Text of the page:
Winter Storm Indigo – Code Orange

By Published On: January 18, 2024Categories: Alerts, Uncategorized

Winter Storm Indigo brought cold temperatures and heavy snowfall to the Pacific Northwest before moving across the country towards the East on Wednesday, January 17.  The storm is expected to continue to spread snow and ice across the Midwest, Northeast, and Mid-South regions from Thursday into Friday.

The National Weather Service has issued a series of crucial winter weather advisories and winter storm warnings that are currently in effect across the affected regions. These alerts cover a vast geographical area, extending from the northern and central Rockies all the way to the Midwest, mid-South, Appalachians, and the Northeast. They are a clear indication of the immediate threat posed by snow and ice, which can lead to treacherous travel conditions.

Today, Winter Storm Indigo is expected to deliver snowfall across various regions. This includes the Midwest, Great Lakes, Ohio Valley, and the interior Northeast. Furthermore, some areas in the mid-South, such as Memphis and Nashville, Tennessee, may experience a mix of snow, freezing rain, and sleet.

Moving into this Friday, the storm will continue to bring snowfall to areas that include the eastern Great Lakes, upper Ohio Valley, and the Northeast Interstate 95 corridor, encompassing southern New England, New York, and Washington, D.C.

The weather forecast predicts that a general accumulation of 1 to 3 inches of snow is expected from Iowa to the mid-Atlantic and southern New England regions. Within this zone, there is an anticipation of 3 to 6 inches of snow accumulating in a region that includes parts of Ohio, Pennsylvania, West Virginia, eastern Kentucky, northern Maryland, and central New Jersey. The area with the highest likelihood of receiving a significant amount of snow, potentially up to a foot, is the mountainous terrain of West Virginia.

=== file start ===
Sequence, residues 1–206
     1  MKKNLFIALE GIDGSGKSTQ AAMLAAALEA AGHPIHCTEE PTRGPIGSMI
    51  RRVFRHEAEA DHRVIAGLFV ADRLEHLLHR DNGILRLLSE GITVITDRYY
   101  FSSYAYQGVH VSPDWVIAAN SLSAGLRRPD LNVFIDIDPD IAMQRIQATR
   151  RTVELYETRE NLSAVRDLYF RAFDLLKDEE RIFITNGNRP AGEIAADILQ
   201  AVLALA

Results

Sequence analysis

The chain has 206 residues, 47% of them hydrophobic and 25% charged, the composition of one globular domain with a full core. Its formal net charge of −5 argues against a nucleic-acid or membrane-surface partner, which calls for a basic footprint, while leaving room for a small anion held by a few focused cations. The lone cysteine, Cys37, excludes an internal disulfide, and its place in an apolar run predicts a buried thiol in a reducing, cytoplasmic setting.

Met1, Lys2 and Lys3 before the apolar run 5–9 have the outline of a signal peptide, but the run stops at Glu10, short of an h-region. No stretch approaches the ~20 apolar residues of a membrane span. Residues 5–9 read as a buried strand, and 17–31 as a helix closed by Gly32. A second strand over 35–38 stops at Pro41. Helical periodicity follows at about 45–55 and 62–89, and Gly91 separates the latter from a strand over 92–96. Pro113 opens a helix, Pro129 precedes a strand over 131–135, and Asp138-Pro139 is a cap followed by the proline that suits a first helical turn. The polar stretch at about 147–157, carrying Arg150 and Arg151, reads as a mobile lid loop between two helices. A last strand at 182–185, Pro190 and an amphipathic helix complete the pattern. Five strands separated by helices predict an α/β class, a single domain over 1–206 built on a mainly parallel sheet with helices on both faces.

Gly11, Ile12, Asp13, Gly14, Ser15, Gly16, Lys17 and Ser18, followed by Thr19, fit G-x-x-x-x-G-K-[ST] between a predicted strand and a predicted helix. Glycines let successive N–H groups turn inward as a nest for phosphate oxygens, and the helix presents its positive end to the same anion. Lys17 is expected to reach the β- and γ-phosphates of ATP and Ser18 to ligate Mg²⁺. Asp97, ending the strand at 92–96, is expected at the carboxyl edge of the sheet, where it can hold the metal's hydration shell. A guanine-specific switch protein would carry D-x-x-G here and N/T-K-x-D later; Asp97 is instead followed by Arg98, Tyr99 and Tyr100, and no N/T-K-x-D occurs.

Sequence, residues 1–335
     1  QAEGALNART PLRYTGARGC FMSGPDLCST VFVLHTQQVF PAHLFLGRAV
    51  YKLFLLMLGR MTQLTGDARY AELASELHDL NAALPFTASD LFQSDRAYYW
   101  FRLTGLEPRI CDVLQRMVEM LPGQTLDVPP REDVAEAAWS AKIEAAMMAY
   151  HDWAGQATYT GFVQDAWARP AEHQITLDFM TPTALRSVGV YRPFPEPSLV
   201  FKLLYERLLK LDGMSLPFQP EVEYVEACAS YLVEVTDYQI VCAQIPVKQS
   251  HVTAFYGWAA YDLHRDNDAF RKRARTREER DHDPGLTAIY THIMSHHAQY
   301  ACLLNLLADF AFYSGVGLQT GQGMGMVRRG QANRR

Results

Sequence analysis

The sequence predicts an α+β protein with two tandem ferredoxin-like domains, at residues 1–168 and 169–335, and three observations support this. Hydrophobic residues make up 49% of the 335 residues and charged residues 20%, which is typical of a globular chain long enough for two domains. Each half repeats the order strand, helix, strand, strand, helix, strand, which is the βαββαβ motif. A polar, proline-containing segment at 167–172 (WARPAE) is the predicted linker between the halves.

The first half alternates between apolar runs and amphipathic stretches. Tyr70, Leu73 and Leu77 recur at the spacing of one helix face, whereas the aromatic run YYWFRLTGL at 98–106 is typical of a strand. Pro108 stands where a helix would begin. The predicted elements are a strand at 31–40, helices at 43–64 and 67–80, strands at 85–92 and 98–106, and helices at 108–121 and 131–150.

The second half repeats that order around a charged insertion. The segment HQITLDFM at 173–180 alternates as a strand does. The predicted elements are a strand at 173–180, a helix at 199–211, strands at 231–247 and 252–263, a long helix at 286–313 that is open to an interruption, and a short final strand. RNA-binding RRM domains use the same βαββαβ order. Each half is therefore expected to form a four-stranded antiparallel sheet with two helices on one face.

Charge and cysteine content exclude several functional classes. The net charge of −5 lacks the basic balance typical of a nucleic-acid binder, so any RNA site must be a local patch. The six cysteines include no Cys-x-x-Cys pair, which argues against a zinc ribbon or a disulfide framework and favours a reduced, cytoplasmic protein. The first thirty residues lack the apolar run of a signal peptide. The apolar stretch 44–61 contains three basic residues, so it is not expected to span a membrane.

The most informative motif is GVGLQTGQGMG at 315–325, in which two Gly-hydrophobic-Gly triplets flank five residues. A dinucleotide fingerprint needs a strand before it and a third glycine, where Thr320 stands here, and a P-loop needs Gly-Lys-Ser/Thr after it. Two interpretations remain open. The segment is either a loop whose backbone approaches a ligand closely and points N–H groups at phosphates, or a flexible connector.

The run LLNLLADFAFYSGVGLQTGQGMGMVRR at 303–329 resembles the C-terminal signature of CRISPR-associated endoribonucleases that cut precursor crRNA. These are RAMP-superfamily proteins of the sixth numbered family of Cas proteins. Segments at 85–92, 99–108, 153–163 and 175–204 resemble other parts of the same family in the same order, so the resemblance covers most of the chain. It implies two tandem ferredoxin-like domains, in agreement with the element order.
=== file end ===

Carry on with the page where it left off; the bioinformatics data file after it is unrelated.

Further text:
This zone of moderate to heavy snowfall may extend into southern New Jersey and Delaware, which could lead to a substantial snowstorm affecting cities such as Washington, D.C., Baltimore, Philadelphia, Pittsburgh, Cleveland, and Charleston, West Virginia. There may also be snowfall in areas including Cincinnati, Atlantic City, New Jersey, and Dover, Delaware.

Winter Storm Indigo unleashed significant ice accumulations in the Pacific Northwest. Reports indicated ice accumulations of up to half an inch near Eugene, Oregon. In contrast, the Portland, Oregon, and Vancouver, Washington, metro areas experienced ice accumulations ranging from a quarter-inch to three-quarters of an inch. At one point, over 80,000 homes and businesses in Oregon experienced power outages due to these icy conditions.

Fortunately, next week should bring above-average seasonal prices, which should help to undo the icy hurt from this winter storm.

States of Emergency

States of emergency have been declared in states across the country, from Oregon to Texas to Florida. Some of those orders focus on the deployment of snow plows and other responses, while others provide transportation waivers for regulations such as Hours of Service. At the time of writing, at least 18 states have declared a state of emergency, with some tracked by the FMCSA for hours of service waivers.


Fuel Market Impact

Fuel markets have been impacted by the cold weather, with reports of gelling and transportation delays in various markets. At the refinery level, Gulf Coast hubs have been severely impacted by the storms. The region has seen 1.5 million barrels per day of refining capacity go offline in the past week due to weather issues. Around the country, the total number of refinery outages is currently 1.8 MMbpd. That loss is equivalent to roughly 75 million gallons per day, or nearly 9,500 full truckloads of fuel per day.

Several states across the country have seen reduced carrier capacity, dangerous road conditions, and/or supply challenges. Mansfield is moving to Code Orange, requesting 48-hours’ notice for new deliveries, in Montana, Oklahoma, Alabama, Mississippi, Tennessee, Kentucky, Illinois, and West Virginia. Mansfield will continue to monitor market conditions and keep customers alert as the situation progresses.

This article is part of Uncategorized


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The information contained herein is derived from sources believed to be reliable; however, this information is not guaranteed as to its accuracy or completeness. Furthermore, no responsibility is assumed for use of this material and no express or implied warranties or guarantees are made. This material and any view or comment expressed herein are provided for informational purposes only and should not be construed in any way as an inducement or recommendation to buy or sell products, commodity futures or options contracts.

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